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Exit exams raise tricky questions
High school tests unfair, some say
June 8, 2003
By June Kronholz

MIAMI - When the results of statewide tests were released in late May, high school senior Eric Lira had scored 286 on the reading exam - one point less than he needed to pass. That means that Lira, who is earning A's in advanced-placement calculus and honors physics this semester and has a 3.3 grade-point average, won't receive a diploma when his class graduates from Miami Senior High School on Thursday.

Without the diploma, Lira, who is 19 years old and arrived from Nicaragua three years ago speaking no English, won't be able to go to
college. "My future is broke. Everything. By one test," he said, dropping his face into his hands during an interview in his guidance counselor's office.

Lira is one of 67 seniors at Miami High, 4,800 in the Miami-Dade public schools and more than 13,000 across Florida who won't
receive diplomas this year because they haven't passed the state's graduation exams. The huge number of test failures this year - the first year the test is required for graduation - and the devastating consequences for teen-agers who will leave school without a diploma are turning into a political nightmare for Florida Gov. Jeb Bush.

But they're also becoming a test of nerve for other states that are phasing in new or tougher exit exams over the next few years.

Arizona has postponed the no-diploma consequences of its exit exam four times. California is likely to back off its plan to deny diplomas next year to anyone who fails its exit exam; it concluded that one in five California high school seniors wouldn't graduate. Alaska has put off its must-pass requirement by two years and rewritten the test to make it easier.

All that raises a tricky question for legislators and governors, who hoped that linking a diploma to a test would motivate students, improve schools and give employers confidence in the value of a diploma. But what happens when kids fail anyway?

Gov. Bush, who championed Florida's test, won't back down, says his press secretary, Alia Faraj. Floridians "should be celebrating" the state's rising test scores, she adds. Still, the governor quickly announced remedial classes, on-line tutoring and many more chances for youngsters to take the exam after leaving school.

The bulk of the seniors who failed the test are either black or English-learning Haitians and Hispanics, and black and Hispanic activists charge that the state's low per-pupil spending on education is the cause.

They're calling for a boycott of Florida citrus, sugar, amusement parks and the turnpike until Bush sets aside the test results.

"I can't fathom thousands of children walking around the state without a diploma and the governor being happy about that," says Frederica Wilson, a state senator and leader of the boycott.

Eighteen states now require high school students to pass a test to receive a diploma, says the Center on Education Policy, a Washington research group. But most of those exams are so easy that they have created few political tremors. Minnesota's exams test eighth-grade skills, and in Georgia, 94 percent of 11th-graders pass their English test on the first try, the center's Keith Gayler says.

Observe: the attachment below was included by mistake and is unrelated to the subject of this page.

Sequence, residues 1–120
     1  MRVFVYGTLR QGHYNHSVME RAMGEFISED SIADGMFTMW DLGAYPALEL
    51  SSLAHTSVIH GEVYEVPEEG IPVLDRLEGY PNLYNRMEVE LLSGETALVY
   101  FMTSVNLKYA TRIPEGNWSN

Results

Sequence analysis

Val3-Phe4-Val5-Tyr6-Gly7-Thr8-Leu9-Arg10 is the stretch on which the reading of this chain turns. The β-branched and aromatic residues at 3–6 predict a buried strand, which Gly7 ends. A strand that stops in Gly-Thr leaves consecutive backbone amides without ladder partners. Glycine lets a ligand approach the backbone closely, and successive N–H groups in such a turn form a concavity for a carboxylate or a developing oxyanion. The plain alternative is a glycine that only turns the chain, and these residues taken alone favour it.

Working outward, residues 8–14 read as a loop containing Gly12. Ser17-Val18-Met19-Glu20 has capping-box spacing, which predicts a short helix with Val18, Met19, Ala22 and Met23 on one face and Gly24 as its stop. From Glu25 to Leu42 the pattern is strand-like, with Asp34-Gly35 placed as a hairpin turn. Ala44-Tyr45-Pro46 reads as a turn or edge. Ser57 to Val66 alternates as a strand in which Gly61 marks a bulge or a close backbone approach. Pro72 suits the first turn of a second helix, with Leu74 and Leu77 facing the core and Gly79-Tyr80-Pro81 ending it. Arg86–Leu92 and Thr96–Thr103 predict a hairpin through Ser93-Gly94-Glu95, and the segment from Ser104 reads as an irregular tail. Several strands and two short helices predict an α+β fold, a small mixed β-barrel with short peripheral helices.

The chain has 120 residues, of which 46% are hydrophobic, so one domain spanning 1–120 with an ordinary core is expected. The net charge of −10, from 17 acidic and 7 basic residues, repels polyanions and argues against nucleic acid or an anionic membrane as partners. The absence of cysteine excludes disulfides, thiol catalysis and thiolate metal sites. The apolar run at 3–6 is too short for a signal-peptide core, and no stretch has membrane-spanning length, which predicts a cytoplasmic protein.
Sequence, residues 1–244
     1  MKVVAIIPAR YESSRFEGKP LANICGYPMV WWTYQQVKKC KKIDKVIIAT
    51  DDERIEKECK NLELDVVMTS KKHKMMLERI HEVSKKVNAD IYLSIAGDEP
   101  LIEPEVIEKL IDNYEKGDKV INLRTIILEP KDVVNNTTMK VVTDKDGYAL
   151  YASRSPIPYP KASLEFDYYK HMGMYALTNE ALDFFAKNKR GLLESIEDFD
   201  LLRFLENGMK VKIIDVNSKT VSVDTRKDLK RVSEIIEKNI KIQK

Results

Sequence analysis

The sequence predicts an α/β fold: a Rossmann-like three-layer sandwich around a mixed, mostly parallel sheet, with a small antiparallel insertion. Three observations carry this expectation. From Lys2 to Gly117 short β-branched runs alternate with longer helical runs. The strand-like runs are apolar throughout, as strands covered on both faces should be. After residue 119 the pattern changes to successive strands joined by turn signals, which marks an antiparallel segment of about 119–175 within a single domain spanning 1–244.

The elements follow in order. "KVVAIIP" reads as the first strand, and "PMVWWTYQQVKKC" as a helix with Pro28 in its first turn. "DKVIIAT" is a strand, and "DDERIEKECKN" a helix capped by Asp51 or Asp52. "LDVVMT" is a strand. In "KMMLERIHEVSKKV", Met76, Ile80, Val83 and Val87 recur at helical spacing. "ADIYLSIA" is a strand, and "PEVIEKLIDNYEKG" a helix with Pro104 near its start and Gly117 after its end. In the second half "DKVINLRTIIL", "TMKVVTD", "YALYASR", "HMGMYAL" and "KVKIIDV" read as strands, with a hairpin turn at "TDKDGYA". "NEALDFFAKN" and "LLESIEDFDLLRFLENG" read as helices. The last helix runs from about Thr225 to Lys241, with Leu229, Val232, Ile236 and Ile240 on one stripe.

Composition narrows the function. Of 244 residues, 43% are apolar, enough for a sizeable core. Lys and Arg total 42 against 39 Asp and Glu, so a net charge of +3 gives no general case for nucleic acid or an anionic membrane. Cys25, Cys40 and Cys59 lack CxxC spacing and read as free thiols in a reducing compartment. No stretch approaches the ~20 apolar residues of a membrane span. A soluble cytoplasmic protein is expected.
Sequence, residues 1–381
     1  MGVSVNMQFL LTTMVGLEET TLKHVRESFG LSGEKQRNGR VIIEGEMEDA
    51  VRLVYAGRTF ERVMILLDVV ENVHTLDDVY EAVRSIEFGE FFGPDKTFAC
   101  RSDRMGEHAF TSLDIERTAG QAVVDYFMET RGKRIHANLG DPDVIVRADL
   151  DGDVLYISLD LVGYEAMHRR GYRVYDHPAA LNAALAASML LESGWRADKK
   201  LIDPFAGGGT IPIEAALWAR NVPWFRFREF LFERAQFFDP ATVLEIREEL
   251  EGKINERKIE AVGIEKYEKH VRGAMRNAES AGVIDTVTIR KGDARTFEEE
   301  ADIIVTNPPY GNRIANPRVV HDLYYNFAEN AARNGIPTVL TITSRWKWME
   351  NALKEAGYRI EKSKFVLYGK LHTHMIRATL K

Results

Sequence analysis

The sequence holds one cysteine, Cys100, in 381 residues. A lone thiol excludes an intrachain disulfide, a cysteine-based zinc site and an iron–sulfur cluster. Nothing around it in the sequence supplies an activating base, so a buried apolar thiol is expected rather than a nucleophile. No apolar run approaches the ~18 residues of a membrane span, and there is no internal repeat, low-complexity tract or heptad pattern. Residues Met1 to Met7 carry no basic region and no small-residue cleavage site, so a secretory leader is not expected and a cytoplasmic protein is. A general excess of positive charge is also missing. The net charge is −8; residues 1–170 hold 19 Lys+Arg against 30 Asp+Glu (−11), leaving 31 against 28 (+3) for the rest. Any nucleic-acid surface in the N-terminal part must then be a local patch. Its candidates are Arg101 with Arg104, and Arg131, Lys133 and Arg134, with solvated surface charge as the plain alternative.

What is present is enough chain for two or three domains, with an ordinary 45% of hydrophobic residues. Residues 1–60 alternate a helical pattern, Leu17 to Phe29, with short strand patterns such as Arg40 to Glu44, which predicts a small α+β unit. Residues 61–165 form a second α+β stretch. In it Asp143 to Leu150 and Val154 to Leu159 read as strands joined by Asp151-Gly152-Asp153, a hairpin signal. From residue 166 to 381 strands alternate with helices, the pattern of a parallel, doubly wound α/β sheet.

Five or six years ago, states began writing new tests and linking them to what they want kids to learn, rather than to minimal skills. Within six years, 24 states that together enroll 70 percent of all high school students will have exit exams.

Florida rewrote its old exit exam in 1998 as part of a program to test all youngsters in grades three through 10, and the state links a diploma to passage of the 10th-grade test. Tenth-graders need a score of only 56 percent in reading and 59 percent in math to pass.

They have five chances between grades 10 and 12 to take the test, and English-language learners can use a dictionary. Florida's education department says that 91 percent of this year's seniors passed, including 84 percent of the black seniors and 87 percent of the Hispanics. (Lira, who had taken the test before, also can take it again but doesn't know if he'll do so.)

At Miami Norland Senior High, where 96 percent of the students are black, Principal Willie B. Turner says the test has made the school try harder, just as Florida hoped it would. When last year's scores put Norland on a failing-schools list, teachers singled out the lowest-scoring youngsters for remedial classes and tutoring.

Norland still scored below the state average this year, and about 40 of its 473 seniors won't get their diplomas because of failing test scores, Turner adds. But while 10th-grade scores have barely budged across the state since 2001, Norland's math and reading scores each rose by 10 points on the 500-point tests this year.

Miami school Superintendent Merrett Stierheim agrees that the test is improving learning across the state as schools beef up their curricula to help kids pass, but he has doubts about it just the same. To boost reading scores, Miami is shifting money out of writing programs, he says.

Two-thirds of Miami's students come from non-English speaking households, and for students like Miami High's Lira, leaving school without a diploma means "closing the door to life," Stierheim says.